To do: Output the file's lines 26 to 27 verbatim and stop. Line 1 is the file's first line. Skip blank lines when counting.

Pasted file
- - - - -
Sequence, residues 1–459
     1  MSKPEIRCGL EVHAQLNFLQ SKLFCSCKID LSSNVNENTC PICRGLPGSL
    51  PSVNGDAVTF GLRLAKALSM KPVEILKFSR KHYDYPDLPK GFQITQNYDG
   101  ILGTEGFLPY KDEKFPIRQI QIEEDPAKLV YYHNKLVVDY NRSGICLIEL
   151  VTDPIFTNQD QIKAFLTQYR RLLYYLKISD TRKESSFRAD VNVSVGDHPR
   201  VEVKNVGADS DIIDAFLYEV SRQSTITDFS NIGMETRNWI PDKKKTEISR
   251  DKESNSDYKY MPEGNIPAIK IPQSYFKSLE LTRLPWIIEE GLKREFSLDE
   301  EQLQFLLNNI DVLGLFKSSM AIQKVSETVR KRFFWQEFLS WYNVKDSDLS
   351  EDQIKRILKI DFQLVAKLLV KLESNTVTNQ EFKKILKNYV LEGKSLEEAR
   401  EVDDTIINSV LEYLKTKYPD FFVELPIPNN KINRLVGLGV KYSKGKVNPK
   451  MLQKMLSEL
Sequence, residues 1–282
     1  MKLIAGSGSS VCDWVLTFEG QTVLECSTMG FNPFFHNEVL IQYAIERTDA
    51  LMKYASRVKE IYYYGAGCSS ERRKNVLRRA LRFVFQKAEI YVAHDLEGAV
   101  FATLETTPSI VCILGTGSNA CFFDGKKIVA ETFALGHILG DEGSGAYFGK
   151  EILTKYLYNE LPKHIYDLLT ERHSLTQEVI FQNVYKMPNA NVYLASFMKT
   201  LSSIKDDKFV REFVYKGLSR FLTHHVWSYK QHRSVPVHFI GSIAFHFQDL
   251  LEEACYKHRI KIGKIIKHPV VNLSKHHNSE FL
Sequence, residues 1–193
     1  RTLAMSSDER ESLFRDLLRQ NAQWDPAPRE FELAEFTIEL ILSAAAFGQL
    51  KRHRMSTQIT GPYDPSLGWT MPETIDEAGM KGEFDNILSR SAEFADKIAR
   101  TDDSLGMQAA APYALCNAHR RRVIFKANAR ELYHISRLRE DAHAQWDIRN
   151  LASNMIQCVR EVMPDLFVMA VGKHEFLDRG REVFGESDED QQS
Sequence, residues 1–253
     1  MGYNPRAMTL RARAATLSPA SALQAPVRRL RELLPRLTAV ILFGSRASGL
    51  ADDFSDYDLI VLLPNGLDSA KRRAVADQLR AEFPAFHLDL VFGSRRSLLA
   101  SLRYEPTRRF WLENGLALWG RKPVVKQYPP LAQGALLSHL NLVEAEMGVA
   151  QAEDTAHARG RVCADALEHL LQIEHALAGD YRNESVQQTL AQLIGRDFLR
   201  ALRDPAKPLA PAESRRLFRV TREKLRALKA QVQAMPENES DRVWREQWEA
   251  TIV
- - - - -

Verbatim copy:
    51  ADDFSDYDLI VLLPNGLDSA KRRAVADQLR AEFPAFHLDL VFGSRRSLLA
   101  SLRYEPTRRF WLENGLALWG RKPVVKQYPP LAQGALLSHL NLVEAEMGVA